Wednesday, June 24, 2009
(part 172) THE TURNING POINT
I sat alone in the car looking at the empty parking lot at Mayfair market. The early morning gray and a sunless sky added to my sense of feeling lost.
I took another drink of scotch and stared at the bottle in my hand. I didn't know where to go or what I was going to do, so I just sat there for a long time and drank.
After burglarizing a number of hotels in the past few months, I felt like a real sleazebag. The outlook for me on this day was pretty grim.
I longed for the good old days when my future looked bright, and none of what I knew now bothered me. I remembered all the places I'd been, things I'd done, and people I'd met before today.
April Fool's Day, and the joke was on me, except it was no joke. This was as real as it got. This is where I'd gotten after 31 years of life. Drinking alone in a car, at six in the morning, feeling like shit for stealing someone's luggage out of their hotel room.
After some time, I started the car and drove out on the street. I told myself to be cool so I wouldn't get busted for drunk driving on top of everything else that was going on.
Twenty minutes later, I pulled up to the curb in front of my old AA sponsor's house and sat there staring at it. It was still early so I was pretty sure no one was up.
I tried to drive away a couple of times, but didn't. Finally I got out of the car and walked up the driveway to the back of the house. I didn't want to wake anyone, so I didn't knock on the door; I just needed a place to think.
Bottle in hand, I checked the back door and found it open. With a sigh of relief I let myself in and headed for the family room and a large soft chair. I'd been in the house many times, so it wasn't a problem maneuvering my way around.
I don't know why I'd decided to come here because in my mind I had no plans to stop drinking. If anything, I wanted to drink myself into total oblivion and even death, but found that accomplishing that was extremely difficult to do.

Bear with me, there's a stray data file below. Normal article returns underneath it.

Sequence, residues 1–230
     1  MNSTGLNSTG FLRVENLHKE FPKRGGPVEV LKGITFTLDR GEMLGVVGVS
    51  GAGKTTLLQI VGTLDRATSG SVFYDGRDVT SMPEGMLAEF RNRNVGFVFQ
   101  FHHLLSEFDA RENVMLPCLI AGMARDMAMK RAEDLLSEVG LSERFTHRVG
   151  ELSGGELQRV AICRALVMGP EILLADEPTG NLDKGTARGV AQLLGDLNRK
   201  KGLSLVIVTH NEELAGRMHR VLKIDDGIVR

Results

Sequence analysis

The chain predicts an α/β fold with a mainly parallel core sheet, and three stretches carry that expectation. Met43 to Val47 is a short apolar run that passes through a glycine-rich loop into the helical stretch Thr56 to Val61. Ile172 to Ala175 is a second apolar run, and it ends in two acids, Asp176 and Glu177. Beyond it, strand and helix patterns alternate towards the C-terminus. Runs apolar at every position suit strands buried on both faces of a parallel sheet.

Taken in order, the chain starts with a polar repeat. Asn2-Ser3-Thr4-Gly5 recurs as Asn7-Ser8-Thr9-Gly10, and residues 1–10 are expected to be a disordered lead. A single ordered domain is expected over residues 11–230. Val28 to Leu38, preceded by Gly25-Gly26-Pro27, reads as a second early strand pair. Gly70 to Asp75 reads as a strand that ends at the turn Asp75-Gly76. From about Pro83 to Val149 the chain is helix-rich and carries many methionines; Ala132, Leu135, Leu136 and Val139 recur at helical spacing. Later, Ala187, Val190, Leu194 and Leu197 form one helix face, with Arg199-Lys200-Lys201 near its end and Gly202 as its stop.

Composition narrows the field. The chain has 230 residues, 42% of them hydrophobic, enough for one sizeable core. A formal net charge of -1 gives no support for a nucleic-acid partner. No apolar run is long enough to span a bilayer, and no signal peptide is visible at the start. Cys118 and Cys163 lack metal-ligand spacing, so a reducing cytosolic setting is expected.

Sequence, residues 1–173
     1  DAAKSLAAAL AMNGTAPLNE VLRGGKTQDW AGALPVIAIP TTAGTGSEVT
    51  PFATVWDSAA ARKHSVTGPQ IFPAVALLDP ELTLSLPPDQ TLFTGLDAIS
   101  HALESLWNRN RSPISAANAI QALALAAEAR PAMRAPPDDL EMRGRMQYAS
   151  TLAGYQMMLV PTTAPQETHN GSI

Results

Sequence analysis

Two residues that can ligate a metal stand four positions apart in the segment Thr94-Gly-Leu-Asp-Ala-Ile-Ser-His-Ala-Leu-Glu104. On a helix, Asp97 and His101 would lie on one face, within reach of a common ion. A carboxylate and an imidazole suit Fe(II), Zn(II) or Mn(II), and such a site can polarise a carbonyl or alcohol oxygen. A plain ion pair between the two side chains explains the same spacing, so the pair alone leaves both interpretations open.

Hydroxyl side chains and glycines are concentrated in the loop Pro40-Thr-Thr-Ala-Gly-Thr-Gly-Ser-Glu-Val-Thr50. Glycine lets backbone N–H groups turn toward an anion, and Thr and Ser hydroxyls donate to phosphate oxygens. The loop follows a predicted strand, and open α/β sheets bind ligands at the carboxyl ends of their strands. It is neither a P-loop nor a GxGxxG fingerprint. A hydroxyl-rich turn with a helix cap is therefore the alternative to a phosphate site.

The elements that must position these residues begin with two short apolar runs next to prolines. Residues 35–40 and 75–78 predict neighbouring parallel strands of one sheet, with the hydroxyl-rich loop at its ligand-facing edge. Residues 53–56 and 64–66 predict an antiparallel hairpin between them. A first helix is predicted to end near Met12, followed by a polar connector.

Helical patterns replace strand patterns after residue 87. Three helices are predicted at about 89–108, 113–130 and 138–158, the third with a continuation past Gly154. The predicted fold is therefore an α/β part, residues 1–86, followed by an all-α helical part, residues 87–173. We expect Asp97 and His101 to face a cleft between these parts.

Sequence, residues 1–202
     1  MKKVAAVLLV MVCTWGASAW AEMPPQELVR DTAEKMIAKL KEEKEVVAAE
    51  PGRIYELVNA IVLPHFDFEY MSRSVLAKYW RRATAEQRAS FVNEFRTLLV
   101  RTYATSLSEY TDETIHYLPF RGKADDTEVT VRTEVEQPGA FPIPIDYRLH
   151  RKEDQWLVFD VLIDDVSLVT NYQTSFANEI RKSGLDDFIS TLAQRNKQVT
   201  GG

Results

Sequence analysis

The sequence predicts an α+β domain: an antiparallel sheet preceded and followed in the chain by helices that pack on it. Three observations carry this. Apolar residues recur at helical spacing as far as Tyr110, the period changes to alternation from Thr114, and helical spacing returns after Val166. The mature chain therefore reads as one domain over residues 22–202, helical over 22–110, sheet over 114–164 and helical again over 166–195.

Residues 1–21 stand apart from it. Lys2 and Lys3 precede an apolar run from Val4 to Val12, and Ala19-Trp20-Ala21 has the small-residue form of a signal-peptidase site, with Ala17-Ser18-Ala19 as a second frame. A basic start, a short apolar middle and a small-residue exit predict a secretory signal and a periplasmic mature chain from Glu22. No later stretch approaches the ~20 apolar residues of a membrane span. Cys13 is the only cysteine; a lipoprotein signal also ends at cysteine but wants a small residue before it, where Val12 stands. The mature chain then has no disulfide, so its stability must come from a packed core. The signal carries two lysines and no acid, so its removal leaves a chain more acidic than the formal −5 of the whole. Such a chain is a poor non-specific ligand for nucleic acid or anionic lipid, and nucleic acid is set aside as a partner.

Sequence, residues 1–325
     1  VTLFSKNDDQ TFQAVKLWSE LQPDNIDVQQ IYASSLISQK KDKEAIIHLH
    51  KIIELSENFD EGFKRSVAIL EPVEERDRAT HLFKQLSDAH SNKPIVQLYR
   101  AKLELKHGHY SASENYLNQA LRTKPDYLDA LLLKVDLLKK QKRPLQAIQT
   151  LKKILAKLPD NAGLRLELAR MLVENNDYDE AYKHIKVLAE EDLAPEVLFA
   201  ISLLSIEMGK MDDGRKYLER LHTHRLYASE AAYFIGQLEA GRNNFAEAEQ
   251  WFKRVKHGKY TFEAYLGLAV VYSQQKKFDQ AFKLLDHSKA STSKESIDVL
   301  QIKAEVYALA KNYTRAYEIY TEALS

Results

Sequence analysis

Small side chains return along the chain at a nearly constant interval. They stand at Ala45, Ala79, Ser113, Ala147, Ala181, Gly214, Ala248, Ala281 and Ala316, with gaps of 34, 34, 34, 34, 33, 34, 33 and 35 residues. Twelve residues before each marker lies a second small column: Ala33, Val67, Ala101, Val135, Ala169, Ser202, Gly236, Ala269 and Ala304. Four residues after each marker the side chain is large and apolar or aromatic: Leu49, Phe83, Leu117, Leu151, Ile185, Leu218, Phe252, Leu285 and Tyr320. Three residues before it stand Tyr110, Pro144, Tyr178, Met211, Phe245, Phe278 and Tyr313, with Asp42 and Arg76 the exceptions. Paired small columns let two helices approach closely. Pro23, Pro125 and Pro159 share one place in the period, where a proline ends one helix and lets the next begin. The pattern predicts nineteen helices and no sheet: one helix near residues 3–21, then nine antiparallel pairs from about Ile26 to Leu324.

I settled back in the big chair with a sense of relief and stared off into space. I looked at my life and asked myself what I really thought. What did I think? Where did I stand? My answer was this. I stood in the middle of nowhere.
At that moment, I didn't believe in anything, including myself. I was a disaster in every way in my mind. I thought specifically, and I do mean specifically, "Fuck me, fuck you, fuck life, fuck the planet earth, and fuck God." That was my exact position. I asked myself if I would ever stop getting loaded? "Fuck no," I thought, and tried to take another drink.
I lifted the bottle, but couldn't make my arm put it to my lips. I tried repeatedly, but couldn't do it. It was as if someone had a hold of my arm and wouldn't let me put the bottle in my mouth.
I just couldn't do it, and believe me I tried over and over again. This is the last thing I remember until later that morning, when I came to, and the whole family was staring at me saying something like, "Hey, he's waking up. Bobby's waking up."
My old sponsor's son had gotten up and gone to the bathroom and found me on the floor. He'd thought I was dead and woke up his parents. Together they had picked me up and carried me to another room and put me on a couch or bed, I don't remember.
Now they were all staring at me as I came to, and looking both concerned and relieved at the same time. I began apologizing to them for coming in and being drunk and uninvited, but they said it was OK, and they were just glad I wasn't dead.
I told them how I tried to take a drink and couldn't, but it just came out like blither. My head was turning and I felt like death warmed over. My sense of remorse was overwhelming, and I was ashamed of coming into their house like this.
I'd scared the crap out of them and realized that all I'd been thinking of was myself. That was it. All I ever did was think about myself, that was exactly the problem. Never them, always me. Never her or him, but me, me, me. My feelings, my life, my this, my that. I was tired of the bullshit of being me.
I needed a drink, but didn't want one. I needed to get up and leave, but stayed. I wanted to blame someone, but couldn't. I'd run the gamut. I'd burned down every bridge, used up every favor, and was finally staring in the face of my problem, me.
I couldn't lie to myself any more. I couldn't blame anyone else any more. It was me drinking and using. It was exactly that and nothing more.
It was the getting loaded that had brought me to where I was on April 1, 1976. To the turning point. I remembered that from AA. It said "We stood at the turning point."